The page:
The Church’s Struggle with Mental Illness

Before moving forward with this blog, I would like to clarify that there is a distinction between the church and Christ, the latter of which my faith is in. And that currently I am in a church that does their best to embrace me even if they don’t fully understand my affliction.

Some churches still struggle to view mental illness as anything but an existential thought of one’s moral/spiritual compass.

At sixteen, I experienced this first hand in an evangelical church, it was the beginning of my first bout with severe depression. I tried to be happy … I went to church and followed their rules ….I prayed for their joy, their fruits of the spirit and I believed. I tried their prescription for me:

  • pray more, differently, with scripture in it, on my knees
  • stop sinning
  • volunteer my time
  • take communion, tithe
  • repent, confess
  • just put on a happy face,
  • have more faith, read my Bible more,
  • accept Christ’s healing

I NEEDED to believe. Nobody needs to believe more than the broken, nobody knows belief until their broken.

And while well intentioned church leaders questioned my faith, the quantity and quality of prayer and self –sacrifice, I was in ever, increasing deep despair. They seemed to reason that my depression was a result of non-repentant sin, thus I was causing my own depression. Now, at forty I have enough life experience to reason my way out of that box, but at sixteen I wasn’t equipped to handle this sort of bad theology.

It caused me years of continued and unneeded struggle, within myself and in my approach to wellness. Counseling was considered a last ditch option, and if it was to be done by a pastor on staff, not a licensed therapist. I value pastors for their theological knowledge and their pastor care, however I believe without the proper training/education they can do more damage than good.

Medication was also frowned upon, and so I spent years trying nutraceutials; 5HTP, St.John’s Wort, the range of B Vitamins, all to no avail. Finally after six years of this journey, that had more to do with my brain chemistry than my spiritual life, I met a Christian therapist that helped change this wrong perspective and put me on the right path. I am eternally thankful for her and others that do exist within Christianity and the walls of the church that understand.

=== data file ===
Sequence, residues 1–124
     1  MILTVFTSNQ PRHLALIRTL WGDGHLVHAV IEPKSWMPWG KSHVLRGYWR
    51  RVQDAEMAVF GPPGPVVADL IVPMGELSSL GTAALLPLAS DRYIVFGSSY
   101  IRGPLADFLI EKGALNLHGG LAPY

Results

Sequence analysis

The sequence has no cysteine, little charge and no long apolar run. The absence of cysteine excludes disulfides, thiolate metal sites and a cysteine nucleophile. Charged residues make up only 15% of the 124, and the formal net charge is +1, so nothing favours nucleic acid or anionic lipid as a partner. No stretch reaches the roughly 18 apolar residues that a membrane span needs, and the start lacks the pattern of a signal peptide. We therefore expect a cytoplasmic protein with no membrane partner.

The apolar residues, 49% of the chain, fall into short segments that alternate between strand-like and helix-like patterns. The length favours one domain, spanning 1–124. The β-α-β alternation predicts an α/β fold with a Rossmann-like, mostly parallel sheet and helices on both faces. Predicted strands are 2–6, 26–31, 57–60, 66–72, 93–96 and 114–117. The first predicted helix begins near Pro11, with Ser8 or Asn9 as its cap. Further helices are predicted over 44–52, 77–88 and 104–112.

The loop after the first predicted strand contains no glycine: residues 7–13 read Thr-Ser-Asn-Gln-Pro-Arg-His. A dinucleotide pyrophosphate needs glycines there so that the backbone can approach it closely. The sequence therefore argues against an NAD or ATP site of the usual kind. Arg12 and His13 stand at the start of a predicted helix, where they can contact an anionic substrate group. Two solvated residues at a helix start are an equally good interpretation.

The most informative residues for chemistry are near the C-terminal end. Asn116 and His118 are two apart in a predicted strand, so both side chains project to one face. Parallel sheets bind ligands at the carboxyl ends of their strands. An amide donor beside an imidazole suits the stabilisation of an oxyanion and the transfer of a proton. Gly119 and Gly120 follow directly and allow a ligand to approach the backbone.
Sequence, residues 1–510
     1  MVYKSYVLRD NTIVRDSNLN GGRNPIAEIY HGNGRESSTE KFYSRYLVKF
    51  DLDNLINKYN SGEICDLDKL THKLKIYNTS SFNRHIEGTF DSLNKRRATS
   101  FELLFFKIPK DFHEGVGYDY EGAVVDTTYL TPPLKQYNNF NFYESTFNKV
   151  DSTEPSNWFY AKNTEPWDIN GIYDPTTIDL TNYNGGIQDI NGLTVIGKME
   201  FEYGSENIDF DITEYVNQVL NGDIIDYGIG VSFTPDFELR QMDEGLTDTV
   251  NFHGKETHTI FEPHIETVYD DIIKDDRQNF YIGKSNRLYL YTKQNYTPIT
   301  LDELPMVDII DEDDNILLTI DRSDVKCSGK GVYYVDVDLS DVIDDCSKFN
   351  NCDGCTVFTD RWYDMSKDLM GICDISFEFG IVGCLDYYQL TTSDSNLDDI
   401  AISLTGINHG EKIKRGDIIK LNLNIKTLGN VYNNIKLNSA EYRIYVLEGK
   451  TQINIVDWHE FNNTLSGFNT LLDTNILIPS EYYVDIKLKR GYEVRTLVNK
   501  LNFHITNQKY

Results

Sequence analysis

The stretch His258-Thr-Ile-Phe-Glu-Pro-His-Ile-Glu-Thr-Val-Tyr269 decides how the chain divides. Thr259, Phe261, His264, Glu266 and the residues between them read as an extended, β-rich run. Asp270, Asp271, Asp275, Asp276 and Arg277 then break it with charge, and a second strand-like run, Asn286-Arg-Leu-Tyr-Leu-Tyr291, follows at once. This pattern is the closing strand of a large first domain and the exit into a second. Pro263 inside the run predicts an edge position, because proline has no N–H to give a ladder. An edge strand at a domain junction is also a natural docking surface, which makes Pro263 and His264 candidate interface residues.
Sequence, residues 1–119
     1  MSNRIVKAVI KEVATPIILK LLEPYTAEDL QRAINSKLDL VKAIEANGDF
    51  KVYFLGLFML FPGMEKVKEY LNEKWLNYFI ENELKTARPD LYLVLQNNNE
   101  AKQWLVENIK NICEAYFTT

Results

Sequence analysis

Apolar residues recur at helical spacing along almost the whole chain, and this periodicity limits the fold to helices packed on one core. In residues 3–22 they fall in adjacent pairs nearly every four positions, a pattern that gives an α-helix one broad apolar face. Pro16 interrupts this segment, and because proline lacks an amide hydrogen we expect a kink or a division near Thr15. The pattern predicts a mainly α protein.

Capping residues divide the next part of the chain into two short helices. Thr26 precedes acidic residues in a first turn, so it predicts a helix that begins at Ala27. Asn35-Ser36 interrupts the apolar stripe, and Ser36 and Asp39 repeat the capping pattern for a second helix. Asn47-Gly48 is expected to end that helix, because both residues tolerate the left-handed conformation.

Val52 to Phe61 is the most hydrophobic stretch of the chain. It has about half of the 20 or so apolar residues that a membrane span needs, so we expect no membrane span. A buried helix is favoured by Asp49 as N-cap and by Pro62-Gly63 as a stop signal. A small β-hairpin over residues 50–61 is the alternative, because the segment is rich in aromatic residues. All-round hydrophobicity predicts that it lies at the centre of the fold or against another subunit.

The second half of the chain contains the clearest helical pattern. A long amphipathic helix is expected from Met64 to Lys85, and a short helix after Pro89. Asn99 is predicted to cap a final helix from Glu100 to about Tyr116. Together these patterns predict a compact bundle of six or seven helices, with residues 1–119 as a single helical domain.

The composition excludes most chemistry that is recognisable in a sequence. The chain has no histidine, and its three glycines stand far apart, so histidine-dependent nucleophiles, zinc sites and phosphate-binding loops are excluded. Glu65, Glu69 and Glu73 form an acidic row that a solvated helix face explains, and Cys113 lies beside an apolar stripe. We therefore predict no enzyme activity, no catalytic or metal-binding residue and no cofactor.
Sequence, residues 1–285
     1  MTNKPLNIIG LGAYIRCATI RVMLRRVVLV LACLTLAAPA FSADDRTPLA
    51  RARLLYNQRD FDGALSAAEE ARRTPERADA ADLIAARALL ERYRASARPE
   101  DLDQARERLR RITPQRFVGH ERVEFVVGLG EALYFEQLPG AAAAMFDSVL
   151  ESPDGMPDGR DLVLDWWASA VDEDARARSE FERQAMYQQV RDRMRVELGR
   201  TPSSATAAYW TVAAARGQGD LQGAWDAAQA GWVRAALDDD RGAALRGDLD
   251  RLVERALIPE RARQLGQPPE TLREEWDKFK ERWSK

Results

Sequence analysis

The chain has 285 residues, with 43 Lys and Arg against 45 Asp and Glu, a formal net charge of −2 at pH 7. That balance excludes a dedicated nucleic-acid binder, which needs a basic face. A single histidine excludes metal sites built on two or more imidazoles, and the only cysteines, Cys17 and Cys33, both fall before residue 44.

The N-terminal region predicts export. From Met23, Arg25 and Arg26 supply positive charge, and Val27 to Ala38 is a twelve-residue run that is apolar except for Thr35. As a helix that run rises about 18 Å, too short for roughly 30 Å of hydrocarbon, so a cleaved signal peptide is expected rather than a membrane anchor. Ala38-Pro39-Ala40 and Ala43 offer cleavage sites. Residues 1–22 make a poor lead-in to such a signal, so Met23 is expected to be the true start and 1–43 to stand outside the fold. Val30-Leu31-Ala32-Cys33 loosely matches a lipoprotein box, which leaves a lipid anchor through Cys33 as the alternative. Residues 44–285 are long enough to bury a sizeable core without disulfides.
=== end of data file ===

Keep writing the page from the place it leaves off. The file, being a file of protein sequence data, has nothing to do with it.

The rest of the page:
So, what plagues some of our churches when it comes to mental illness? I would say, causation and stigma … old concepts that for much of the world have been distinguished but are still lagging somewhat behind in some churches.

Causation is an ugly road to travel, it leaves a lot of carnage in its path, and it casts blame. The church does exhibit leeway for causation for that which it comprehends. Obesity causes heart disease, but we never hear, please remove yourself from the potluck line or the church will not be able to visit you while hospitalized from your quadruple bypass surgery. Any smokers here? Sorry, there will be no offering taken to assist you with your medical bills for COPD. Alcoholics … when you have cirrhosis of the liver we will not pray for you, sorry. The church can relate to those struggles, we’ve all had too many doughnuts, toked up during college, sipped from a boisterous Cabernet and then found ourselves embracing the cold, hard porcelain truth. But there is a lack of understanding of mental health issues often in many churches.

In mental illness, there is causation, but it needs to be assigned responsibly; it’s brain chemistry, neurotransmitters, genetics, and circumstances … causes that are not sinful in nature.

Dear Church,

Why must we with mental health issues hide out? Despite the fact that it’s not just your congregations that suffer from this illness, it’s not just you’re laymen who are somewhat less theologically astute. In fact some of your pastors, theological professors, Vicars, elders, are bumping into each other in the pew with shit grins on their faces because they can’t admit they struggle with mental illness, because they cannot let you see them. They don’t want to be fired, held spiritual hostage, have their faith questioned, they don’t want their families embarrassed.

This illness is different in that it affects our cognition and ability to see ourselves as we are. We are already struggling from an eternal perspective. We question our salvation, God, our desire for life, it’s a heartfelt existential crisis … and we can’t think our way out of it, any more than someone with cancer can think their way out of cancer and into remission.

Please Church understand, we’re not stupid, we don’t want this, our neurotransmitters are functionally incorrectly at the current moment and we could use your help. We desire to live, we desire to have our paradise lost renewed, we want to find comfort within your arms, we want to evangelize with you for Christ … and some of us will do it in ugly sick places you don’t want to go. Please embrace us, accept us, send us out in faith knowing that Christ can work through our brokenness, some of our wrists have bled like Christ’s … we get it .. We’ve almost died to our illnesses, please let us live in peace … not just God’s peace, but yours.

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